I hope you all had a wonderful Mother’s Day. I certainly did. My goal was to get through the day without any mental or physical exertion. Mission accomplished. I slept late. Tom fixed my breakfast, retrieved the newspaper off the driveway (which I uncharacteristically got to read from front to back), and made the bed–upon which I promptly took a nap. Carey and Austin co-hosted a lovely Mother’s Day luncheon at Austin’s folks in the afternoon at which all I had to do was drink margaritas and engage in witty repartee. My children showered me  with lovely gifts, and Tom washed and vacuumed my car. It was a fabulous day. I suppose I did have to shower and put on makeup…

Yesterday was my 27th Mother’s Day. I wish I could tell you I remember my first Mother’s Day, but unfortunately I can’t. Carey would have only been about six weeks old at that point, so it’s safe to say I probably had dark circles under my eyes, baby barf on my shoulders, and two big wet spots on the front of my shirt where I’d leaked through my breast pads. I know my boobs were ginormous and my butt was months away from getting back into my jeans, but I honestly don’t recall being upset by any of it. I just remember being so excited to be a mom. I was only 23 when Carey was born–and she was an easy baby–so I operated under the “Naivete Is Bliss” rule for months after her arrival. In hindsight, it wasn’t a bad way to fly. Tom will never let me forget how I used to pick her up as soon as I’d get out of bed in the morning and head out to sit in my rocker recliner to nurse her. When she was finished, I’d change her diaper and head back to the chair where we’d nap together–Carey in my arms–until she’d wake up again to eat. We’d repeat the process all day long until Tom returned from work in the evening to find us both still in our jammies. Whoops.

Really, Carey’s entire first year was pretty easy. I only remember two unpleasant episodes. The first was an ear infection in the middle of the night and the requisite hellish car ride to the emergency room. I will never ever forget one minute of that night, particularly being forced to stand out in the hallway while the doctor examined Carey. I was ready to rip someone’s head off–specifically that prune-faced nurse who all but shoved me out the door. Luckily, Tom (as always) was there to provide a more level-headed perspective.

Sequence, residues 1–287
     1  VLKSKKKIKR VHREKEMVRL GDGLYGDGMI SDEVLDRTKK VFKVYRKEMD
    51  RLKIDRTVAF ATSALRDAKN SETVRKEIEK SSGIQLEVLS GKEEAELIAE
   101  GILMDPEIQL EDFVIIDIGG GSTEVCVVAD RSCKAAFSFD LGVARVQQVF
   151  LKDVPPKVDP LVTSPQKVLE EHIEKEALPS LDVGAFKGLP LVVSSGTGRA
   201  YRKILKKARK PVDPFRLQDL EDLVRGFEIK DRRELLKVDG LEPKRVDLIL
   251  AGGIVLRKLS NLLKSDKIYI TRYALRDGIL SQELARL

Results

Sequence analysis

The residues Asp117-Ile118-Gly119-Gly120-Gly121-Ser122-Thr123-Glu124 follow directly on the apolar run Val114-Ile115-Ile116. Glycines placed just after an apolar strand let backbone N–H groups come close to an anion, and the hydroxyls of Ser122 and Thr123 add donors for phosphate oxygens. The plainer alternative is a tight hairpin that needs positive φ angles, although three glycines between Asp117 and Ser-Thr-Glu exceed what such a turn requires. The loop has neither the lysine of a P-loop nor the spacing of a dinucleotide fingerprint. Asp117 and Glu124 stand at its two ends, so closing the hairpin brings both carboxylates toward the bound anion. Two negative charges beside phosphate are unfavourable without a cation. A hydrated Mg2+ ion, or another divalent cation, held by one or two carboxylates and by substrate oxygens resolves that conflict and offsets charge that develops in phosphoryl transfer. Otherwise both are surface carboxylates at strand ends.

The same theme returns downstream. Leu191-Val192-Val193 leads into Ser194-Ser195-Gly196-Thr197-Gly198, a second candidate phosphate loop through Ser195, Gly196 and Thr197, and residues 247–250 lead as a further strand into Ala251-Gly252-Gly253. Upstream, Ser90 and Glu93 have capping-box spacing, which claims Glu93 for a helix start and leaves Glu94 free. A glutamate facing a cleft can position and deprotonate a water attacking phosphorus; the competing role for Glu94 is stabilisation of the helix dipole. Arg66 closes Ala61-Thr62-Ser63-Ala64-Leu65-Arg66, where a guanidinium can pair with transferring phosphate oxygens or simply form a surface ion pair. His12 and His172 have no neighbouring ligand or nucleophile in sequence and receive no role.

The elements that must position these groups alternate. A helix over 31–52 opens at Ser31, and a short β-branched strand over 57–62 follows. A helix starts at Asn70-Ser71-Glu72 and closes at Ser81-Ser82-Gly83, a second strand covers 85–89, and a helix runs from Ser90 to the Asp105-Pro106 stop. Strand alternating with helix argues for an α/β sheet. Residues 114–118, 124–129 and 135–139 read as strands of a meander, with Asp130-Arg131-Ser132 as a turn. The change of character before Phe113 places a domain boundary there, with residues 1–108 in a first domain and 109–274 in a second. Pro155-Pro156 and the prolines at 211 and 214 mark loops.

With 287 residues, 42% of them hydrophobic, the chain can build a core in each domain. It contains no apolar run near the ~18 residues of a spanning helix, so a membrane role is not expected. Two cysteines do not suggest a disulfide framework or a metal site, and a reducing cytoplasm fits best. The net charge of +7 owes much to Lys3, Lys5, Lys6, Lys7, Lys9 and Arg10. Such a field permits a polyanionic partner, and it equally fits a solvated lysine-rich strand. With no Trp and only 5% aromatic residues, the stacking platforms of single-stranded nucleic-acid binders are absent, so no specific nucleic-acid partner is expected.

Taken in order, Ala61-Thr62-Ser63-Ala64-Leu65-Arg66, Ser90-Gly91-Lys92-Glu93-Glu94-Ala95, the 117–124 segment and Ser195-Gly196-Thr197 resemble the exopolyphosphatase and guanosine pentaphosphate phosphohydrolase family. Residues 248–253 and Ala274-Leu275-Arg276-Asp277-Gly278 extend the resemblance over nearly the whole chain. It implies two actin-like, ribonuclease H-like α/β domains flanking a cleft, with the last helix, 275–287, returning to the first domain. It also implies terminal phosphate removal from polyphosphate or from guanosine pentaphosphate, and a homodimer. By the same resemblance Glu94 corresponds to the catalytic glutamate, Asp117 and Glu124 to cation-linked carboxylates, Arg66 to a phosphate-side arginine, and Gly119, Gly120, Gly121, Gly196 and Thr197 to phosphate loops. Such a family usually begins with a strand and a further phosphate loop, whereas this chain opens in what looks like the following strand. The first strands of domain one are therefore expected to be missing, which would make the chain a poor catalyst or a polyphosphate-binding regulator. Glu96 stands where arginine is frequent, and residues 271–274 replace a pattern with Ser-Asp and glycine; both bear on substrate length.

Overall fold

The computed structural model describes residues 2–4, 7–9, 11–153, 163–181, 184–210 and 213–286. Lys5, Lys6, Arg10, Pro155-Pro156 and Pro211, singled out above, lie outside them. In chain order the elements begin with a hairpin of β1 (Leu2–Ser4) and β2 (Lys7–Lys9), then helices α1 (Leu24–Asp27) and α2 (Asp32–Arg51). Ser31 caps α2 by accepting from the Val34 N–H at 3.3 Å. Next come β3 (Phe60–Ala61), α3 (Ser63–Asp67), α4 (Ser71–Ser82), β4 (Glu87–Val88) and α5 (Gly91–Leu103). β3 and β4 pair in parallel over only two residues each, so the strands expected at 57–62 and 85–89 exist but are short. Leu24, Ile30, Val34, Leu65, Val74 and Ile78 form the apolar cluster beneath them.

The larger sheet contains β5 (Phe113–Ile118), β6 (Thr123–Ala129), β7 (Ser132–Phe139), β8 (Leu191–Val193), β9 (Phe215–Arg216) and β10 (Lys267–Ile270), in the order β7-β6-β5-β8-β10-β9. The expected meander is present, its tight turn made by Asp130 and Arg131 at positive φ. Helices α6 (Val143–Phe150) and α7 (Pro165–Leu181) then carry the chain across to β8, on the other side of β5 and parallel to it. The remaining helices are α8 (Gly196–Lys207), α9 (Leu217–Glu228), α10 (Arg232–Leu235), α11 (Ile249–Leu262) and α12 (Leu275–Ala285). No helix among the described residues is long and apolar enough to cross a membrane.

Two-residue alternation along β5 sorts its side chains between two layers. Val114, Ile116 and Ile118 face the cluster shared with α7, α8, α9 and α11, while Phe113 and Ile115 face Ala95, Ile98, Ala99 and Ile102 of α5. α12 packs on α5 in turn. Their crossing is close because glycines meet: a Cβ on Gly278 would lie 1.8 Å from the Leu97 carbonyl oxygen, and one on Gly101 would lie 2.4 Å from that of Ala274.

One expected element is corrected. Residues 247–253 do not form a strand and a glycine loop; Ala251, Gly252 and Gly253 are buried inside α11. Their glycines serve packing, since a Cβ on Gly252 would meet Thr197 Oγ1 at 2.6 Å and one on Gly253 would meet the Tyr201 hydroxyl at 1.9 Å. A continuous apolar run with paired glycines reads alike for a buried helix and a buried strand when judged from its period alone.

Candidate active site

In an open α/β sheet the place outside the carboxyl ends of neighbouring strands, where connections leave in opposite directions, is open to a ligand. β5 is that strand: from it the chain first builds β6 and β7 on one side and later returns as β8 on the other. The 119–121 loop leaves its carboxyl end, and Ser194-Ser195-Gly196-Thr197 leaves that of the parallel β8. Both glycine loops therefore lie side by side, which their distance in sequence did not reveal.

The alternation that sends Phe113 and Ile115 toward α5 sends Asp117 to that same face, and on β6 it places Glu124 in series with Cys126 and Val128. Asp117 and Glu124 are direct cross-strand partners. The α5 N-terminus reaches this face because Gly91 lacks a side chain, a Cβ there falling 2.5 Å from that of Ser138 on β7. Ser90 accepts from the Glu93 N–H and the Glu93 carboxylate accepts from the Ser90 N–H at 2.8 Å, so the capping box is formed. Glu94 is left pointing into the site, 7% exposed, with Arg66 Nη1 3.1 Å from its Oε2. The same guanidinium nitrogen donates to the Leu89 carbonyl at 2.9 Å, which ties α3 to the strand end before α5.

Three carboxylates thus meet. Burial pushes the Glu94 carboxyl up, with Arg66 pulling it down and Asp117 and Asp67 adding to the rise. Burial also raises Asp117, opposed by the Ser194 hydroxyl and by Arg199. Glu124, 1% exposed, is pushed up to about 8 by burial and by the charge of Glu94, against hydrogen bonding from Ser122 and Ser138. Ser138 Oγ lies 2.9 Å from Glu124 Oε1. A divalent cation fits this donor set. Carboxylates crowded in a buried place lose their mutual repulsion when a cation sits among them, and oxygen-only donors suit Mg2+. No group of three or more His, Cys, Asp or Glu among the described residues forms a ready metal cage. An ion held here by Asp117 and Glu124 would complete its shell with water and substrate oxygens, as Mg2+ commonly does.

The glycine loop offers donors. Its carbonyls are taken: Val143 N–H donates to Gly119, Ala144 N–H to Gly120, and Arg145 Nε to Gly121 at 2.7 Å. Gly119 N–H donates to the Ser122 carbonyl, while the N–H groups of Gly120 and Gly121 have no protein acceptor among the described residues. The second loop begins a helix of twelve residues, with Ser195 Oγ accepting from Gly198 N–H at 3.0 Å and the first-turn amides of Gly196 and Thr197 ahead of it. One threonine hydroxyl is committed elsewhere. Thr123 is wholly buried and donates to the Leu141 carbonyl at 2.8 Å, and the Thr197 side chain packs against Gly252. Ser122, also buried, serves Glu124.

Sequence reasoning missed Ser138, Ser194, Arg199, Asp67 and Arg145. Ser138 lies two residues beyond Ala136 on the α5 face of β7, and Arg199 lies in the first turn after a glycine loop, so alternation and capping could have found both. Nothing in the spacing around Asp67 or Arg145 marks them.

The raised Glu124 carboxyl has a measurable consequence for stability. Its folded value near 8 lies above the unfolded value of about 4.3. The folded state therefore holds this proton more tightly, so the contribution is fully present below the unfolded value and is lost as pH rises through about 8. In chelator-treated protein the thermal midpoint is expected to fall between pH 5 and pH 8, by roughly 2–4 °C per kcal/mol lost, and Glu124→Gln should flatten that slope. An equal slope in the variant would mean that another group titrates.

The second episode was really more humbling than unpleasant; although, I’ll warn you right now to stop reading if you’re eating. On that occasion, I was reminded that no matter how else I might see myself, I was, always and forevermore–no exceptions–a mom. I had gotten all dressed up to go out with Tom and some friends. It was the mid-80s, so I had the big hair, a bright yellow sweater with a fringed scarf wrapped fashionably around my neck, tight jeans, high-heeled boots, and fake fingernails. I thought I was all that and a bag of chips. That is, until I went to the ladies’ room after dinner. There, as I washed my hands before returning to the table, I discovered a chunk of bright yellow, dried baby poop under one of fabulous fingernails. (I told you to stop reading if you were eating.) It’s not that my discovery wrecked the evening so much as it finally sealed the deal. There was no escaping the fact that my primary role in life was now Mom. The proof was under my fingernail.

By the time Brian came along, I was pretty well settled into the job. At least, at the time, I thought I was. Like Carey, he was an easy baby. Unfortunately, the two of us didn’t get to spend a lot of quiet time together when he was an infant because by then Carey was an active three-year-old. As an illustration of just how active, one day while I was putting Brian down for a nap, the phone rang. It was a neighbor about five houses up the street who had two daughters just a little older than Carey. We had only moved into the neighborhood a few months earlier, so I was mortified when my new neighbor–whom I barely knew–told me that Carey had just arrived at her house on her tricycle. What?! What!?

How in the world that child got the garage door up, I’ll never know. Thank goodness there was a sidewalk and she had enough sense to stay on it. That the neighbor didn’t call the authorities on me for negligence, I’ll be forever grateful.

When Carey started school, Brian and I finally got our one-on-one time together. One of my favorite memories is of our bike rides together. I would strap him into the seat on the back of my bicycle, and the two of us would peddle all over town, usually stopping at one of the city parks for a picnic lunch. He looked like a Weeble in his big ol’ bike helmet. I was crushed the day he told me he was too big to ride on the back of my bike anymore.  Just like I was crushed his first day of preschool when he told me I didn’t need to walk him into the building and crushed the day Carey dressed herself because she didn’t like the outfits I picked out.

That’s the insidious thing about motherhood. You think, “When in the world are you ever going to outgrow waking me up in the middle of the night…needing me to dress you…making a mess every time you eat? And then, I’ll be danged if they don’t do it, and you’re facing your 27th Mother’s Day and the only thing you’re responsible for is getting your own lazy backside into the shower. Your grown children are planning the festivities, preparing the food, and treating you like a queen.

I’m not complaining…exactly. I’m just saying…

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